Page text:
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 Lambic

Lambic is a very distinctive type of beer brewed only in the Pajottenland region of Belgium (southwest of Brussels) and in Brussels itself. Lambic is now mainly consumed after refermentation, resulting in derived beers such as Geuze or Kriek. Most modern beers are fermented by carefully cultivated strains of brewer"s yeasts, Lambic"s fermentation, however, is produced by exposure to the wild yeasts and bacteria that are said to be native to the Senne valley, in which Brussels lies. The beer then undergoes a long aging period ranging from three to six months (considered "young") to two or three years for mature. It is this unusual process which gives the beer its distinctive flavor: dry, vinous, and cidery, with a slightly sour aftertaste.

Lambic can be broken into three subclasses: Gueuze (oud Gueuze and Lambic), Fruit Lambic, and Faro.

The first of these, gueuze, blends both old and young mixtures to stimulate a second fermentation. Many are laid down like fine wines to age for several more years. In its most natural form, Lambic is a draught beer which is rarely bottled, and thus only available in its area of production and a few cafes in and around Brussels. Some more mainstream brewers elude the orthodox rules of lambic production, adding extra sugars to sweeten their beers. Gueuze, also known informally as Brussels Champagne, is a sparkling beer produced by combining a young Lambic with more mature vintages.The majority of flavored beers are made on base of Lambics. The last of the Lambic brews, Faro, adds sugar or caramel to prompt the fermentation.   ... see all Lambic beers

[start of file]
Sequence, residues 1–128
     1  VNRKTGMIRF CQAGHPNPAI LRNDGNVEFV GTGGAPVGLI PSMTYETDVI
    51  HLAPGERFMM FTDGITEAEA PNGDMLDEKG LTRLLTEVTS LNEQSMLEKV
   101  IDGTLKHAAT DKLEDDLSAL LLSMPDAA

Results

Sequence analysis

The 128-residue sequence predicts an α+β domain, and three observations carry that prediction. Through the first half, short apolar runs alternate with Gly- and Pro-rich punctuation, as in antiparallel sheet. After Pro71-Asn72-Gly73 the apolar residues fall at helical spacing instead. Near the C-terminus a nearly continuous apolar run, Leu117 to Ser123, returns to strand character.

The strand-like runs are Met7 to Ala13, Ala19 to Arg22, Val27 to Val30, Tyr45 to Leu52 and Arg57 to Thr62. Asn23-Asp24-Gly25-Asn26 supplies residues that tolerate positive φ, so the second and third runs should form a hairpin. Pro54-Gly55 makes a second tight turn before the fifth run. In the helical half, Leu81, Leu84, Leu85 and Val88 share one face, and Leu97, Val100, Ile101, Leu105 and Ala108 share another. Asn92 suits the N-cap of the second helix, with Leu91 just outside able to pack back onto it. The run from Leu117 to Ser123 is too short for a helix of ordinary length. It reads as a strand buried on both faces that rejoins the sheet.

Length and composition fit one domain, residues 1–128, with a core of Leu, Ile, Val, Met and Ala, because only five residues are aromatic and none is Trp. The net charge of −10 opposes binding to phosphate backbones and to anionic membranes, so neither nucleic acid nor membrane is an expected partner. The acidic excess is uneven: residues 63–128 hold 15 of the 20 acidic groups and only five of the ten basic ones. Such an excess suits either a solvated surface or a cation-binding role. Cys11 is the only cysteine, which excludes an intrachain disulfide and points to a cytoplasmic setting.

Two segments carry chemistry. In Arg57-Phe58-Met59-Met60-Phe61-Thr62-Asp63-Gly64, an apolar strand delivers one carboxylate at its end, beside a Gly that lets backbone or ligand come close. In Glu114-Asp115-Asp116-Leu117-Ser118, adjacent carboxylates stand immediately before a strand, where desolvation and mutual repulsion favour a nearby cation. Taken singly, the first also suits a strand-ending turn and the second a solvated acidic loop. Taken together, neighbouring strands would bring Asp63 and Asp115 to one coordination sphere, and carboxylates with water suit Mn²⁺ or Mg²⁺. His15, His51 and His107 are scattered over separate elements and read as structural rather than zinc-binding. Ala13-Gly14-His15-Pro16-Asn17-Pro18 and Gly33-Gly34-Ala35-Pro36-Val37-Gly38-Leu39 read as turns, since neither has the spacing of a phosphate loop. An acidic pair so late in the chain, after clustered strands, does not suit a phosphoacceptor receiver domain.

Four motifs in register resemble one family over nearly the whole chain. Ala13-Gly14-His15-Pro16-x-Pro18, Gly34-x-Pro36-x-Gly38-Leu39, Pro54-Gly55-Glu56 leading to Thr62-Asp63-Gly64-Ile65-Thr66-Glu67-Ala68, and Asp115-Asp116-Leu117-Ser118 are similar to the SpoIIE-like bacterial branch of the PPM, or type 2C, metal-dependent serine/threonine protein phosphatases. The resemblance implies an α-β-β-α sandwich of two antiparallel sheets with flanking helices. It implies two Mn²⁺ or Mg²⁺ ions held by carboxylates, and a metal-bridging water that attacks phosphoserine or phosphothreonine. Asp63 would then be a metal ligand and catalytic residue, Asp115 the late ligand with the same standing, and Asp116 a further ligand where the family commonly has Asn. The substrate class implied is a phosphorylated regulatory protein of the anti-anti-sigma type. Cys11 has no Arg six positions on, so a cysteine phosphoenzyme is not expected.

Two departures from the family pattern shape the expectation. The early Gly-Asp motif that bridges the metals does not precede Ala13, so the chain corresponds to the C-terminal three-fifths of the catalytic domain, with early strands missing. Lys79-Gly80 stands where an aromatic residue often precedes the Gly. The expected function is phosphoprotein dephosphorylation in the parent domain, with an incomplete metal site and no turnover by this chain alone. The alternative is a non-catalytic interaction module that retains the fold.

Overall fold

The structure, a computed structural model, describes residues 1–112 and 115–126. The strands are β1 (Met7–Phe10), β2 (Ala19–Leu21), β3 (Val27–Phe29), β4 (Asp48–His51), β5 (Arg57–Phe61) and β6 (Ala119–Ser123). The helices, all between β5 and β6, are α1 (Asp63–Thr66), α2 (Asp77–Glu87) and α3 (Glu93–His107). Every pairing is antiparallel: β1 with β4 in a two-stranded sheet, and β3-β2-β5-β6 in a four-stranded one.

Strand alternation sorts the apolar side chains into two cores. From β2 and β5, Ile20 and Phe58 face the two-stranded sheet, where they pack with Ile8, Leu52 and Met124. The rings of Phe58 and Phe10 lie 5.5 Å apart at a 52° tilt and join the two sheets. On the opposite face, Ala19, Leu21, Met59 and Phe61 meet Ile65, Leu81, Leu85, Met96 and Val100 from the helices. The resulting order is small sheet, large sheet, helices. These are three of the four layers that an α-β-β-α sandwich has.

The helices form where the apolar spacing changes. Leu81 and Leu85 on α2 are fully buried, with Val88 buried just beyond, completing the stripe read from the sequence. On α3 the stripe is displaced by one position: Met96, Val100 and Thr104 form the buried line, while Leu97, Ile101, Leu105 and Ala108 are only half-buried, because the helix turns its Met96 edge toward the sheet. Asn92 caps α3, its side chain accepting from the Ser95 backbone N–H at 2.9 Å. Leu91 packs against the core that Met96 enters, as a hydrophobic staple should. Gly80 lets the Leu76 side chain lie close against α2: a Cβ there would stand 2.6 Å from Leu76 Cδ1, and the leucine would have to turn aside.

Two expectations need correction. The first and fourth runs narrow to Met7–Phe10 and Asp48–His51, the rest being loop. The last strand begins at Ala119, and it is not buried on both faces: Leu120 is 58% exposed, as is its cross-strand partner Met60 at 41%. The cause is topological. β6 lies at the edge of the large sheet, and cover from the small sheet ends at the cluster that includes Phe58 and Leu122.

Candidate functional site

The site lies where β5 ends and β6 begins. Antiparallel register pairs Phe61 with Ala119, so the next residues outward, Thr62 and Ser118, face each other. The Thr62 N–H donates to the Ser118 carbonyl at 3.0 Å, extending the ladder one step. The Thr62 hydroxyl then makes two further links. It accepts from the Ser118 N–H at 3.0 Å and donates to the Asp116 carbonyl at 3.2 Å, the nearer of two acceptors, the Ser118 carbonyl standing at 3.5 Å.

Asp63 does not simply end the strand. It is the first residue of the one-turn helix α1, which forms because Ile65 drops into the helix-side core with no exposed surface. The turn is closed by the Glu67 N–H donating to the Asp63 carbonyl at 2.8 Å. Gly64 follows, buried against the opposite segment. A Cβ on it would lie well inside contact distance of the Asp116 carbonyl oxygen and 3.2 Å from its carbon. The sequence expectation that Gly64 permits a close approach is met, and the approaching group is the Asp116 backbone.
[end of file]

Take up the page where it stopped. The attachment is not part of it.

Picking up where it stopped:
Gueuze

Gueuze (or Geuze) is made by blending young (1-year-old) and old (2–3-year-old) lambics into a new beer, which is then bottled for a second fermentation. Because the young lambic is not fully fermented, it contains fermentable sugars, which allow the second fermentation to occur.
Since gueuze is made by blending lambics, it tastes different from traditional ale and lager style beers. Because aged hops are used to produce these lambics, the beer has little to none of the traditional hop flavor and aroma that can be found in most other styles of beer. Furthermore, the wild yeasts that are specific to lambic-style beers give gueuze a dry, cidery, musty, sour, acetic acid, lactic acid taste. In modern times, some brewers have added sugar to their gueuzes to sweeten them and make the beer more appealing to a wider audience. Because of its carbonation, gueuze is sometimes called "Brussels Champagne."
Traditionally, gueuze is served in champagne bottles. The commercial production of gueuze commenced in the 19th century. Both Gueuze and Lambic are protected under Belgian (since 1965) and European (since 1992) law.   ... see all Gueuze beers

 
 
 
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